When the buyers hear of Kino’s pearl, they all meet with their boss and decide on the highest price they’ll pay for the pearl. This price they agree upon is outrageously low, and undervalues the pearl extensively, but Kino will be forced to accept their offer because there are no other buyers. When Kino comes to the market, the buyers work together to try to convince Kino that the pearl is not very valuable because it’s too large, with a strange surface. Because the divers don’t realize that the buyers are working together, it shakes Kino’s confidence when each buyer separately confirms that the pearl is not valuable, because if they are all in agreement then there must be truth to their statements. However, Kino’s sharp instincts help him sense that he is being tricked, and he refuses to sell the pearl to any of the buyers.

Who is responsible for Coyotito's death?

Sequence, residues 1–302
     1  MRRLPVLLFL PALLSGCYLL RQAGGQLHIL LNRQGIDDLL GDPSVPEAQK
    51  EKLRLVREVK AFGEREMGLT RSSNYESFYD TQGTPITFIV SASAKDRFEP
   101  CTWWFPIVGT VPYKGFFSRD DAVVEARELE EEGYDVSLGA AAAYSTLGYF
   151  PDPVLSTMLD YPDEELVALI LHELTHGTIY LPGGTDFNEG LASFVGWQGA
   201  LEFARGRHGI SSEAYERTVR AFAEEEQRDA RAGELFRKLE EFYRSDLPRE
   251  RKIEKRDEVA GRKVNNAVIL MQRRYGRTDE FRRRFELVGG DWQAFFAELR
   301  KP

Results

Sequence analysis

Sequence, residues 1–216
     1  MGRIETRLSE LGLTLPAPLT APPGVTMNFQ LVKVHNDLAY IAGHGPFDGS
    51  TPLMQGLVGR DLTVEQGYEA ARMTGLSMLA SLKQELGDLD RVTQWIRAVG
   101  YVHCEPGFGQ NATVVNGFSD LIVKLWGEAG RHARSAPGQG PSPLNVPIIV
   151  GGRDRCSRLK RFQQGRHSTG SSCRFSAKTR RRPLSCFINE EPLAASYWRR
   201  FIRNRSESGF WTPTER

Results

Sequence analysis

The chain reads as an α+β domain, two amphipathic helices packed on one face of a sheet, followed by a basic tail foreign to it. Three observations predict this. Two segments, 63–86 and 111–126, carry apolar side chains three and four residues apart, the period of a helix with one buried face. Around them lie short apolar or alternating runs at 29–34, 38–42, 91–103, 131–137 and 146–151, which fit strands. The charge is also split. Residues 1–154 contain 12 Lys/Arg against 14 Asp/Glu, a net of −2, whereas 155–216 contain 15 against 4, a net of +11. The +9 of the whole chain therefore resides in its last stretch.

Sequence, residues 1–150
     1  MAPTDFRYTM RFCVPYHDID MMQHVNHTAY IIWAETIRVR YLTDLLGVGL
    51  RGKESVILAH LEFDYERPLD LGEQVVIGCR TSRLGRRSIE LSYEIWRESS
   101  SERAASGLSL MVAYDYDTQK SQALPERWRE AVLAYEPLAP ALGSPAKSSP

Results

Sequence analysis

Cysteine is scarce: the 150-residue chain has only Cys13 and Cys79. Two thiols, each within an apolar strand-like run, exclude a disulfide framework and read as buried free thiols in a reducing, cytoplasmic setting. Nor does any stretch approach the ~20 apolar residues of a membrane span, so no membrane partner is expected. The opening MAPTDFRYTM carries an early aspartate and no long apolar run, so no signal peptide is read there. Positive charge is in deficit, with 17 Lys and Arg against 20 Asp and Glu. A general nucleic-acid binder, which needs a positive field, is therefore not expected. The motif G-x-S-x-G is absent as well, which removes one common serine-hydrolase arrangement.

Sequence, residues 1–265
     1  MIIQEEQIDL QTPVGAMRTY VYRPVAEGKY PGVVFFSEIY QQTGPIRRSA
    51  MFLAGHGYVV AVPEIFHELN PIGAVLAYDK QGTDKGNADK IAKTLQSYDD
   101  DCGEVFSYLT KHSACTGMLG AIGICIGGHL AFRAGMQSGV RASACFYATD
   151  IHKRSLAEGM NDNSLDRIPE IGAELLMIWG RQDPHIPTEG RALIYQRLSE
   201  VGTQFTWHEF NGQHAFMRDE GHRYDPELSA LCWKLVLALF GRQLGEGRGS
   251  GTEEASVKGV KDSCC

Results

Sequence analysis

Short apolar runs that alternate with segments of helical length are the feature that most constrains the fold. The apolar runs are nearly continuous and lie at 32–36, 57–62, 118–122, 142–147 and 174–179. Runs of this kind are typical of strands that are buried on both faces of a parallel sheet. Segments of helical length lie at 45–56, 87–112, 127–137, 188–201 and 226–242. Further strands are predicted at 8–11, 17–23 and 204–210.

One of the three trackers who follows Kino and his family is responsible for killing Coyotito. As the trackers catch up to Kino, Juana, and Coyotito, Kino realizes that the only way to escape them is for him to kill the trackers. When the family reaches a spring in the mountain they are crossing, they know that the fresh, clean water will attract the trackers as well. Kino tells Juana and Coyotito to hide in a cave where they won’t be spotted. He himself waits for the trackers to set up camp in the area. When night falls, two of the trackers sleep while the other, who carries a rifle, keeps watch. Kino sneaks toward the campsite, hoping to ambush the watchman, steal his rifle, and kill him and the other two trackers before they have time to react. But just as Kino is about to attack, Coyotito begins crying in the hidden caves, alerting the watchman and waking one of the other trackers. The tracker believes that the cries might be coming from a coyote. He pulls out a gun and says that he’ll shoot the coyotes to shut them up. Just as Kino rushes the three men, the tracker shoots in the direction of the “coyotes” before Kino can stop him. Although Kino does kill all three trackers, he is too late to save his son. The tracker’s original bullet has hit its mark. Coyotito was shot in the head and killed.